Judge Cecchi further noted that while the excess carrier adduced facts that the primary insurer placed a much higher value on the case than it offered in settlement, the primary carrier argued that the “full value” it may have placed on the case, or how it determines reserves, were materially different kinds of evaluations from determining a settlement value.

There were also disputes of facts over the primary carrier’s alleged “hard ball” negotiation tactics at the mediation.  Again, the excess carrier drew on facts that made the primary carrier seem unreasonable, but the primary carrier argued it was willing to be more flexible than the picture plaintiff painted.  This factual dispute could not be resolved at the summary judgment stage.

Hindsight cannot be used to argue the presence or absence of bad faith

Judge Cecchi lastly observed that courts, and presumably the ultimate triers of fact, could not use hindsight to advance or defend their positions. She states:

For instance, Plaintiff argues that the trial verdict of over $1,000,000 awarded to Claimant demonstrates that Defendant’s limited extension of settlement authority and subsequent settlement offer at the Mediation were unreasonably low and thus made in “bad faith.” … Alternatively, Defendant argues that, irrespective of whether its settlement offer to Claimant was too low, it did not negotiate in “bad faith” at the Mediation because it was not reasonable at that time to settle with Claimant for $750,000, a figure which Defendant later learned Claimant would not have “move[d] below” …. Nevertheless, “the perfect vision of hindsight is not the lens through which our courts assess compliance with good-faith obligations.” …. Rather, whether Defendant negotiated in “good faith” at the Mediation depends only on the facts known to it at that time.  (Emphasis added)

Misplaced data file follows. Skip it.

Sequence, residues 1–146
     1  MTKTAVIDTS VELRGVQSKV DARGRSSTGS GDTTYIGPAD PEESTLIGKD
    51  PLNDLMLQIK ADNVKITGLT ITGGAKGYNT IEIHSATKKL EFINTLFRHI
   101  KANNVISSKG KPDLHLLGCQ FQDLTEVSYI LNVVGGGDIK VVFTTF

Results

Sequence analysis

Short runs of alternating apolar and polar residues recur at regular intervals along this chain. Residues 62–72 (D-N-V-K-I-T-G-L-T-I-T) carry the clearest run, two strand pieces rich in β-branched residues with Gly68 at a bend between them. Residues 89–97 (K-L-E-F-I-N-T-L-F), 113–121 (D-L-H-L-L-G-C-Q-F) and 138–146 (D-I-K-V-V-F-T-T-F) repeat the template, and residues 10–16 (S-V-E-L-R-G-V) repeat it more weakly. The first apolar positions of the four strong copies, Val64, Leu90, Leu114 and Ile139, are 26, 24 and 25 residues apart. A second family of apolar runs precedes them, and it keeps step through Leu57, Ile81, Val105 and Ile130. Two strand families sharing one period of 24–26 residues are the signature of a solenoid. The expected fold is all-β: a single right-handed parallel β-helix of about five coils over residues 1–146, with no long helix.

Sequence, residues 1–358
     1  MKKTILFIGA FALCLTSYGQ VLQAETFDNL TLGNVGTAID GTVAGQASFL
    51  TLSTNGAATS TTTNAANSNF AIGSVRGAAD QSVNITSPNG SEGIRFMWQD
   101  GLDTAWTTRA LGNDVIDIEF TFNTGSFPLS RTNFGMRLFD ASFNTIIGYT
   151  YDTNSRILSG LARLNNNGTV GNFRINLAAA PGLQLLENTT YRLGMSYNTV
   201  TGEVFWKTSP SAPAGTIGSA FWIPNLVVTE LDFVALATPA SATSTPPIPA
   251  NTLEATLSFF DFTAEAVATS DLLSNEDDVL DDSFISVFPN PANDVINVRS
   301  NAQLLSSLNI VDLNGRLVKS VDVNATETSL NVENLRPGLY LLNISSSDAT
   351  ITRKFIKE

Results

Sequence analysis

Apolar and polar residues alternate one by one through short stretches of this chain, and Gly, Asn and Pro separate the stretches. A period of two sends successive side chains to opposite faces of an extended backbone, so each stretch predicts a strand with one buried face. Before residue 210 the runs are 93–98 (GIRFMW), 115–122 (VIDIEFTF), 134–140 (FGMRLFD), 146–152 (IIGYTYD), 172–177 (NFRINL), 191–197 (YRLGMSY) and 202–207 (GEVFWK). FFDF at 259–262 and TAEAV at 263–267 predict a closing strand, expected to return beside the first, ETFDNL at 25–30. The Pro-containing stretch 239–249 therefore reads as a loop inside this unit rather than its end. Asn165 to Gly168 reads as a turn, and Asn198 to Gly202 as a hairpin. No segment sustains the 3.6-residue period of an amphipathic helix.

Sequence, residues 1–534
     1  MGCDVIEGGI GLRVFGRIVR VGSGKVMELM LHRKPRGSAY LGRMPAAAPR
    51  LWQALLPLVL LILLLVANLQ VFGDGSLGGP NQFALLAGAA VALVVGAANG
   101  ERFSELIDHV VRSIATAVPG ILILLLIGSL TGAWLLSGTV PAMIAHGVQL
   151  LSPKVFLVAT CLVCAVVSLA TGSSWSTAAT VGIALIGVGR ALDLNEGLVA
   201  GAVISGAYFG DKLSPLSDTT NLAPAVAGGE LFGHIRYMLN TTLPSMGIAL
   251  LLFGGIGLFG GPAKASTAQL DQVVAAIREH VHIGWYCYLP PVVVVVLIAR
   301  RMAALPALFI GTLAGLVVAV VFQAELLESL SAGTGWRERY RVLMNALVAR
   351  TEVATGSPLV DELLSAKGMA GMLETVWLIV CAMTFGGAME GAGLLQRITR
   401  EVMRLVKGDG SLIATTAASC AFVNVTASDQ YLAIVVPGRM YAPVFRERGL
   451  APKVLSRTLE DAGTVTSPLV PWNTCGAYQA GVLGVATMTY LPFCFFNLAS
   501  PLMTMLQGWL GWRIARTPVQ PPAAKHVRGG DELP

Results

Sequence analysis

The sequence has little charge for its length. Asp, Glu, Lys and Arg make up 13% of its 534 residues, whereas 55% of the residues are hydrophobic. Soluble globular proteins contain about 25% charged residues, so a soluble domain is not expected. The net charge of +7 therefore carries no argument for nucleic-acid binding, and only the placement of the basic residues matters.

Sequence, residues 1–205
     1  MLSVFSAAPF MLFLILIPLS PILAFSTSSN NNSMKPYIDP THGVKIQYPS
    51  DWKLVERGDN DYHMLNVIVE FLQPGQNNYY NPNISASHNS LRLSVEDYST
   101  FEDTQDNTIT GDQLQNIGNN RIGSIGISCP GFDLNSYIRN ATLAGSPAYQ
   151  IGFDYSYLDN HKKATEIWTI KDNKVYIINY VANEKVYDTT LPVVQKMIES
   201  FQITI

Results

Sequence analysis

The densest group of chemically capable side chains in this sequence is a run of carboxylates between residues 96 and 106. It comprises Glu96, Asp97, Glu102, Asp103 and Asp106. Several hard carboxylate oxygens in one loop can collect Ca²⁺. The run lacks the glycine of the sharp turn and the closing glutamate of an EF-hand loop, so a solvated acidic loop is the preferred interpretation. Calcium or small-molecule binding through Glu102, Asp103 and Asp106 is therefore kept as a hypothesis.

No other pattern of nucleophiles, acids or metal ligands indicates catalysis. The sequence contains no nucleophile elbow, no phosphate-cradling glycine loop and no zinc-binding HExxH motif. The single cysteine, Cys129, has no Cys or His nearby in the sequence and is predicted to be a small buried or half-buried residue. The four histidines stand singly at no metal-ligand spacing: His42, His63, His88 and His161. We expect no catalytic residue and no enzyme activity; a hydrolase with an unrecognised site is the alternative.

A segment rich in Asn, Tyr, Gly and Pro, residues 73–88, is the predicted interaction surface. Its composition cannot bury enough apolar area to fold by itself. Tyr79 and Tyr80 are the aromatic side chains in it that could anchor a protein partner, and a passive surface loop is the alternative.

Date of Decision: March 30, 2021

Hartford Casualty Insurance v. Liberty Mutual Fire Insurance Company, U.S. District Court District of New Jersey No. 18-CV-0444, 2021 WL 1186759 (D.N.J. Mar. 30, 2021) (Cecchi, J.)


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This case involved one named insured and two additional insureds under a single policy. All three were sued for negligence in a serious personal injury action, and the carrier provided a defense to all three in that action.

The policy limit was $1,000,000.  The underlying plaintiff sought $7,000,000 in the litigation, but agreed to settle for $650,000 for all three insureds. The carrier offered $250,000 to settle for all three of its insureds. Plaintiff did not respond to that offer.

The two additional insureds settled on their own, without the carrier, for $350,000.  The case proceeded against the named insured, which was still being defended by the carrier’s appointed defense counsel.  The named insured’s defense successfully focused on blaming the two “empty chair” defendants.

The settling additional insureds brought this action for bad faith breach of contract to recover the $350,000 settlement payment from the carrier. The carrier moved to dismiss the claim, and the court denied that motion.

General Bad Faith Standards

The court observed generally:

  1. Under New Jersey law, an insurer “has a positive fiduciary duty to take the initiative and attempt to negotiate a settlement within the policy coverage.”

  2. An insured has a cause of action against an insurer “whose bad faith in refusing to settle a personal injury action within its policy limits exposed its insured to a jury verdict substantially in excess of the policy limits.”